Potato Fry

I love potatoes. But I try and keep the consumption of potatoes to a minimum to avoid loading up on fat and carbohydrates. But there are times when you really crave for pappu annam with hot hot aloo fry. I have some easy methods by which the carbohydrate and fat content in this dish can be reduced. Check this out for a tasty accompaniment with daal-chaawal.

Russet potatoes: 4 large
Olive oil: 2 tbsp
Chana daal: 1 tsp
Urad daal; 1 tsp
Curry leaves: one sprig
Asafoetida: 1/8 tsp
Turmeric: 1/4 tsp
Mustard seeds: 1 tsp
Cumin seeds: 1 tsp
Red chilies: 3
Salt: to taste
Chili powder: 1.5 tsp (adjust according to taste)

First point: always make this on a low flame in a non-stick skillet, this lets the potatoes crisp without needing all the extra oil.
Second point: Cut the potatoes to thin pieces and soak in water for 15 minutes. This helps us remove some starch from the energy machines!

Heat oil in the non-stick skillet on a low flame. Add the chana daal, urad daal, mustard seeds, cumin seeds, curry leaves, red chilies, asafoetida, turmeric. Let the curry leaves become crisp.
Add the chopped potatoes. Remeber to drain the water they were soaked in completely.
Let cook on a low flame for 15 minutes, or till they are crisp.
Add salt and red chili powder.
Serve hot with rice and daal.

Some interesting facts about potatoes:
Most of the vitamins and minerals in this vegetable are just below the skin, so if you peel the skin off, you lose most of them.
Deep frying potatoes is a big no-no. Deep fried potatoes contain a substance called acrylamide which is claimed to be a carcinogen.
Potatoes are not always bad for you. When baked or boiled, with skins intact, they are good sources of carbohydrates and vitamins.
There have been some reports that potatoes can cause a flare up of existing arthritis. You can always have a potato and check if it is causing any pain. If it is, it might be better to eliminate it from your diet.
An interesting read about potatoes and serotonin can be found at this site.

Vegetable Rice

I was watching a show on Food Network and I saw rice being cooked in a very unique manner, and I thought, no way! That wont work, or will it? I tried an Indianized version of their recipe, and it was so good, I had to add this recipe to my list of favourites. The good thing about this rice is that it can be cooked in a saucepan, and also that the grains of rice don't clump together. It tastes wonderful even when it is cold (very useful for my lunch box!)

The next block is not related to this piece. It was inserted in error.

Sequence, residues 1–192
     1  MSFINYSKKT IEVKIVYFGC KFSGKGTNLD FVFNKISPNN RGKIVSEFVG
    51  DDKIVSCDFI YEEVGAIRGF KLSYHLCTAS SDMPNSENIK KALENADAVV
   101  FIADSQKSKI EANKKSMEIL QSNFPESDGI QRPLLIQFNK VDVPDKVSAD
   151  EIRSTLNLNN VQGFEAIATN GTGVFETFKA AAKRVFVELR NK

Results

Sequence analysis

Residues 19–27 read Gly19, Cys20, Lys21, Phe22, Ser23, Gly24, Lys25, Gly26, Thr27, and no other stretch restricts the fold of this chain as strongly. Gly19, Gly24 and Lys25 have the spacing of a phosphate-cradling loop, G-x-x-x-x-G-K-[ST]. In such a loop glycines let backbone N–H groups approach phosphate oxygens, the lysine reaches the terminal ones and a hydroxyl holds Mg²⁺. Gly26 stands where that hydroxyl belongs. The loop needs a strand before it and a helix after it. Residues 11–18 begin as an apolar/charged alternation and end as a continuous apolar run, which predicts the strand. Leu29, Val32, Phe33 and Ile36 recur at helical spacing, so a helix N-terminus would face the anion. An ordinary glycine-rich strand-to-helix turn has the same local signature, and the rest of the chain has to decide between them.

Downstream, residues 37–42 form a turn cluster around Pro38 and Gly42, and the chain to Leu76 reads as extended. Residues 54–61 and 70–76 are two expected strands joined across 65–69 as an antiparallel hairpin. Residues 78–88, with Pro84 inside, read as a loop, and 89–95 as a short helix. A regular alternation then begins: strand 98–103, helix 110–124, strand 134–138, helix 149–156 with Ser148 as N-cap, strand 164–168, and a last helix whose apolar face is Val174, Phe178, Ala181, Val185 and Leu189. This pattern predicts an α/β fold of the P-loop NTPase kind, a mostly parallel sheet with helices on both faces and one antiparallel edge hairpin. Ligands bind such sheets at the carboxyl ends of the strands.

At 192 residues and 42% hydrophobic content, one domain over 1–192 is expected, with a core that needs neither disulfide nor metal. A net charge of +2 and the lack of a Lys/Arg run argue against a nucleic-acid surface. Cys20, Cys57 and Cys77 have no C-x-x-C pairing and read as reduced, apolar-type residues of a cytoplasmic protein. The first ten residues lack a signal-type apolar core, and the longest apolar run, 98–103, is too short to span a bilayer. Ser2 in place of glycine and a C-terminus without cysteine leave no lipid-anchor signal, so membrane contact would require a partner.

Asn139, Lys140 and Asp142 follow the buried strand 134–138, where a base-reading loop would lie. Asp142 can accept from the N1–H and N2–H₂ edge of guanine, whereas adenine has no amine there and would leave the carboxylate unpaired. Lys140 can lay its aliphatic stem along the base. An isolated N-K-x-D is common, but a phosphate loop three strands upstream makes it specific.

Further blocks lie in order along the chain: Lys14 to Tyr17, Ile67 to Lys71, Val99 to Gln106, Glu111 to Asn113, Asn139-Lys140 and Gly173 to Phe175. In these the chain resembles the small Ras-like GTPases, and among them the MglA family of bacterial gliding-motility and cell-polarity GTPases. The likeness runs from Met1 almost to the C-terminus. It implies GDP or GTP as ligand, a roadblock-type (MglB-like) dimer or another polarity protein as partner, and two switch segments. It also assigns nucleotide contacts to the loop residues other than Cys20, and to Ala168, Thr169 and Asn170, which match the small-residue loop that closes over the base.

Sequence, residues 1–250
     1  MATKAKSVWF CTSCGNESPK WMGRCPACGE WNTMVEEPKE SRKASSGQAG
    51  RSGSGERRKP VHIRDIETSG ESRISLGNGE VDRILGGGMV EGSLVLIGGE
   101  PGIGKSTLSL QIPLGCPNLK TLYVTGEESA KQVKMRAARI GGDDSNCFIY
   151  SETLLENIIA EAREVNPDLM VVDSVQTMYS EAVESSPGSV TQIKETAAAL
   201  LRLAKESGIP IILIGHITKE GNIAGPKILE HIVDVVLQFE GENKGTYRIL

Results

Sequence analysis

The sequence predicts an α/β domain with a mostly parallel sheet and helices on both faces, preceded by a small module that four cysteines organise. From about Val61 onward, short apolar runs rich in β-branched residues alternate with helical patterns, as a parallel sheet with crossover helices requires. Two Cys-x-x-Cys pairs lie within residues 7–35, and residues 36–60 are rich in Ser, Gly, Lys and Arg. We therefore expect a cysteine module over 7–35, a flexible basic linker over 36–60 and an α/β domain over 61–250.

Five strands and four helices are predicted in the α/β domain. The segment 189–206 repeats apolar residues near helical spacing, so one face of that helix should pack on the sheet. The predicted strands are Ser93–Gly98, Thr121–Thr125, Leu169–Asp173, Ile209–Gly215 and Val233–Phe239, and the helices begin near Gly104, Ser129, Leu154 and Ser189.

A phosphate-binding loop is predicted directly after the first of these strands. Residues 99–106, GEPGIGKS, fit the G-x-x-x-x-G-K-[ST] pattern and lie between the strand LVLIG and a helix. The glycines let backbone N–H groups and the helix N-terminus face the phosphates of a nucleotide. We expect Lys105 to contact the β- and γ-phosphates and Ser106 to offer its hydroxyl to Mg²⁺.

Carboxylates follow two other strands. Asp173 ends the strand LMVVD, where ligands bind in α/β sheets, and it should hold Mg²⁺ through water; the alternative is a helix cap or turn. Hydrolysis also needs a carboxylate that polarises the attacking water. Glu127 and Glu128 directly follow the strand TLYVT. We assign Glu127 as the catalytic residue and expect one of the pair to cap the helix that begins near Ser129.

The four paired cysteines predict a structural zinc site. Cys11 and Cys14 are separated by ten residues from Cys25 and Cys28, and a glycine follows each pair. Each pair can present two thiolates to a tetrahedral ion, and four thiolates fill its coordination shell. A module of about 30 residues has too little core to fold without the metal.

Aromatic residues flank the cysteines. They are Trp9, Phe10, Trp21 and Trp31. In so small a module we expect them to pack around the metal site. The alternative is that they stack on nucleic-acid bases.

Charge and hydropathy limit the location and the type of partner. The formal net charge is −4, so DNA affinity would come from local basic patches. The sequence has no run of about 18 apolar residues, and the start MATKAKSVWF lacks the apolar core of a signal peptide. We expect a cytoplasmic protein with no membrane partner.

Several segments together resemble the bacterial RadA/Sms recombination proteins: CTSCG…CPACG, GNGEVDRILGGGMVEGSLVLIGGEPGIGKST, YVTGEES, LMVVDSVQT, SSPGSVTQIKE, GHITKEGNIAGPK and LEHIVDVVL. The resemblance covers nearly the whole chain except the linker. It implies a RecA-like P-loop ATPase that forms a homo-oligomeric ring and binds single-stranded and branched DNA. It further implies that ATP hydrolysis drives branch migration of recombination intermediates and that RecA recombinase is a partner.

The vegetables are all optional. Feel free to mix and match with your personal favourites.

Rice: 2 cups, medium grained, washed well and drained
Vegetable stock: 4 cups, can be substituted with plain water
Red bell peppers: 2, chopped
Green bell peppers: 2, chopped
Green chilies: 4, chopped
Onions: 1, red, chopped
Peas: 1 cup
Red Pepper Eggplant Spread: 4 tbsp (recipe)
Cumin seeds: 1 tbsp
Red chilies: 3, broken
Turmeric: 1/4 tsp
Asafoetida: 1/4 tsp (hing, ingua)

To a large saucepan, add the olive oil, cumin seeds, red chilies, turmeric and asafoetida.
Add the rice. Saute for 5 to 6 minutes, till the rice looks crisp.
Add the chopped vegetables, including the green chilies and the frozen peas.
Saute till the onions look translucent.
Add the spread. Mix well. Add 2 tsp salt.
Add the vegetable stock or water. Cover and simmer till the liquid is absorbed.
Serve hot garnished with cilantro.

Nutritional Information:
Per serving of 169 gms (or 1/8th of recipe)
Calories: 237
Calories from fat: 22
Total fat: 2 gm (4% of DV)
Saturated fat: 0 gm (2% of DV)
Trans fat: 0 gm
Cholesterol: 0 mg
Sodium: 608 mg (25% of DV)
Carbohydrates: 48 gm (16% of DV)
Dietary Fiber: 3 gm (10% of DV)
Sugars: 5 gm
Proteins: 5 gm

Vitamin A: 35% of DV
Vitamin C: 208% of DV
Calcium: 3% of DV
Iron: 10% of DV

Percent daily values are based on a 2000 calorie diet. Values may vary based on individual dietary values.

Breakdown of caloric values:
Carbohydrates: 83% Fats: 9% Proteins: 8%

The Colors of Health

The Colors of Health